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Dis Colon Rectum. 2002 Jul;45(7):890-4; discussion 894.

Functional outcome, quality of life, and complications after ileal pouch-anal anastomosis in selected septuagenarians.

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Department of Colorectal Surgery, The Cleveland Clinic Foundation, Cleveland, Ohio, USA.



Concerns about morbidity and functional outcome have lead some authors to suggest that ileal pouch-anal anastomosis should not be performed in older patients. This article evaluates the outcome of selected septuagenarians undergoing ileal pouch-anal anastomosis at this institution.


Seventeen of 1,911 patients undergoing ileal pouch-anal anastomosis for ulcerative colitis were older than the age of 70 at the time of surgery. Functional outcome, quality of life, and manometric data were assessed prospectively, whereas complications were assessed by chart review.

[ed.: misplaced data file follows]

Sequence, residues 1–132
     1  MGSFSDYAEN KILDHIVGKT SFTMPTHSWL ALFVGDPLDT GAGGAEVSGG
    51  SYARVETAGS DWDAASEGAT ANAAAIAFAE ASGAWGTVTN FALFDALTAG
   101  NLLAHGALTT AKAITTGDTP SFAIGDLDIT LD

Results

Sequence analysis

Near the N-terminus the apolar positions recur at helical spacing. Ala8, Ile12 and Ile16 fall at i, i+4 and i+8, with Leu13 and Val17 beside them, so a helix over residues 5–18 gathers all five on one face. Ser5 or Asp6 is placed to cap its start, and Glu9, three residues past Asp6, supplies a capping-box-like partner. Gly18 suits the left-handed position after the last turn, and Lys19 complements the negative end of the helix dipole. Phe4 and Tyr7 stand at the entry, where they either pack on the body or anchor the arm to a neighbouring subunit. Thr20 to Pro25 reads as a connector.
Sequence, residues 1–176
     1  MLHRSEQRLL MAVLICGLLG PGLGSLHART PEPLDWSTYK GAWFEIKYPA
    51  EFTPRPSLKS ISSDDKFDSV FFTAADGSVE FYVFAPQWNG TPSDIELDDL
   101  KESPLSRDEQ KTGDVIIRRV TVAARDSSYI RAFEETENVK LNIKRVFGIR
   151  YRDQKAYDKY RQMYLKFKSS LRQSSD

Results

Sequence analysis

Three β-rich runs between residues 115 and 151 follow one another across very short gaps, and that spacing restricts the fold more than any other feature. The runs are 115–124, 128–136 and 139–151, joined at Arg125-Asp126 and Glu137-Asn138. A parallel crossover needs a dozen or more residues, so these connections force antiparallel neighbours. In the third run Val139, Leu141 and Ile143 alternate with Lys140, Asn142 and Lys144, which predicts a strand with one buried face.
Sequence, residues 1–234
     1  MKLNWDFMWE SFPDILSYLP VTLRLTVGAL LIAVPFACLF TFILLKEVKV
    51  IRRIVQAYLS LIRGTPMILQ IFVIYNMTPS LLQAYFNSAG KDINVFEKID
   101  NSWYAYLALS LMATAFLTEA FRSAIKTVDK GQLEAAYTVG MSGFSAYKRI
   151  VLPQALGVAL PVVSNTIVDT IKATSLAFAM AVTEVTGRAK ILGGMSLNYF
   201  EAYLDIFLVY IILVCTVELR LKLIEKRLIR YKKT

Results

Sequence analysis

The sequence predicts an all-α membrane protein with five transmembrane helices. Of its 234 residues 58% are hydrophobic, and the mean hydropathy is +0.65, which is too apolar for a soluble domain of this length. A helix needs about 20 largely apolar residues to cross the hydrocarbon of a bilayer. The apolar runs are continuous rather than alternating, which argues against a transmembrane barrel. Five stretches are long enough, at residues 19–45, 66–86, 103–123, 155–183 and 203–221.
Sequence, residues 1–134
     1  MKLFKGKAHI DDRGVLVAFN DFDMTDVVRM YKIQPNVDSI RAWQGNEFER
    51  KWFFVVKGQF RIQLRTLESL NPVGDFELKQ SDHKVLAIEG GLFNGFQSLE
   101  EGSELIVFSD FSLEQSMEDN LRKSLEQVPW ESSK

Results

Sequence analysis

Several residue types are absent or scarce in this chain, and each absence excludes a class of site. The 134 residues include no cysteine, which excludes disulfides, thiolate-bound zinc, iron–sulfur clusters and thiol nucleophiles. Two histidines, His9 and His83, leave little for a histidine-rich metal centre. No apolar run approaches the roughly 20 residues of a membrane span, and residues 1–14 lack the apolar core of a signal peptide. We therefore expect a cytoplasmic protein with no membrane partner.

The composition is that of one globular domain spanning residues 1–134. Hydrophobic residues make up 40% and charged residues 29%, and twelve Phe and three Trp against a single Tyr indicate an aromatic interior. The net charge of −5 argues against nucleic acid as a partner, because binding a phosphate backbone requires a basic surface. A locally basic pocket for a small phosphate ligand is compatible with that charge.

There was one mortality related to sepsis after small-bowel obstruction and one reoperation at 18 months for pelvic abscess. Minor complications occurred in five patients. Median (interquartile range) quality of life and health and levels of energy and happiness (scored out of 10) were 9 (7-10), 9 (7-10), 8 (5-10), and 9.5 (7-10), respectively. Medical Outcomes Study Short Form 36 quality of life scores were not different from those for the healthy population older than 65 years. There was complete continence in 38 percent, rare incontinence in 12 percent, and some incontinence in 50 percent. Nobody was usually or always incontinent. Overall, 82 percent would undergo pouch surgery again, and 89 percent would recommend it to others.


Ileal pouch-anal anastomosis is an acceptable surgical option for selected healthy, motivated septuagenarians with ulcerative colitis who are eager to preserve fecal continence.

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